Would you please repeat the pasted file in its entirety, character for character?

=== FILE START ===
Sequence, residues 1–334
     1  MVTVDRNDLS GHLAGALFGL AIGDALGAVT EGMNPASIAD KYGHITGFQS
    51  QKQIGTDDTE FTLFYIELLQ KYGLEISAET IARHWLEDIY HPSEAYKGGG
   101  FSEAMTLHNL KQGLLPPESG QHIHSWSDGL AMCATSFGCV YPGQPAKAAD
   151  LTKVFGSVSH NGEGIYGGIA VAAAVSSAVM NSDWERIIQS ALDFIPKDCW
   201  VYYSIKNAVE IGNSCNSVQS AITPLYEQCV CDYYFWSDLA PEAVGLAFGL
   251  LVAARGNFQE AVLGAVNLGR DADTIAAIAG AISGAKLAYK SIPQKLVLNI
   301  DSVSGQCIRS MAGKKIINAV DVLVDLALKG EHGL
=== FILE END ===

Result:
Sequence, residues 1–334
     1  MVTVDRNDLS GHLAGALFGL AIGDALGAVT EGMNPASIAD KYGHITGFQS
    51  QKQIGTDDTE FTLFYIELLQ KYGLEISAET IARHWLEDIY HPSEAYKGGG
   101  FSEAMTLHNL KQGLLPPESG QHIHSWSDGL AMCATSFGCV YPGQPAKAAD
   151  LTKVFGSVSH NGEGIYGGIA VAAAVSSAVM NSDWERIIQS ALDFIPKDCW
   201  VYYSIKNAVE IGNSCNSVQS AITPLYEQCV CDYYFWSDLA PEAVGLAFGL
   251  LVAARGNFQE AVLGAVNLGR DADTIAAIAG AISGAKLAYK SIPQKLVLNI
   301  DSVSGQCIRS MAGKKIINAV DVLVDLALKG EHGL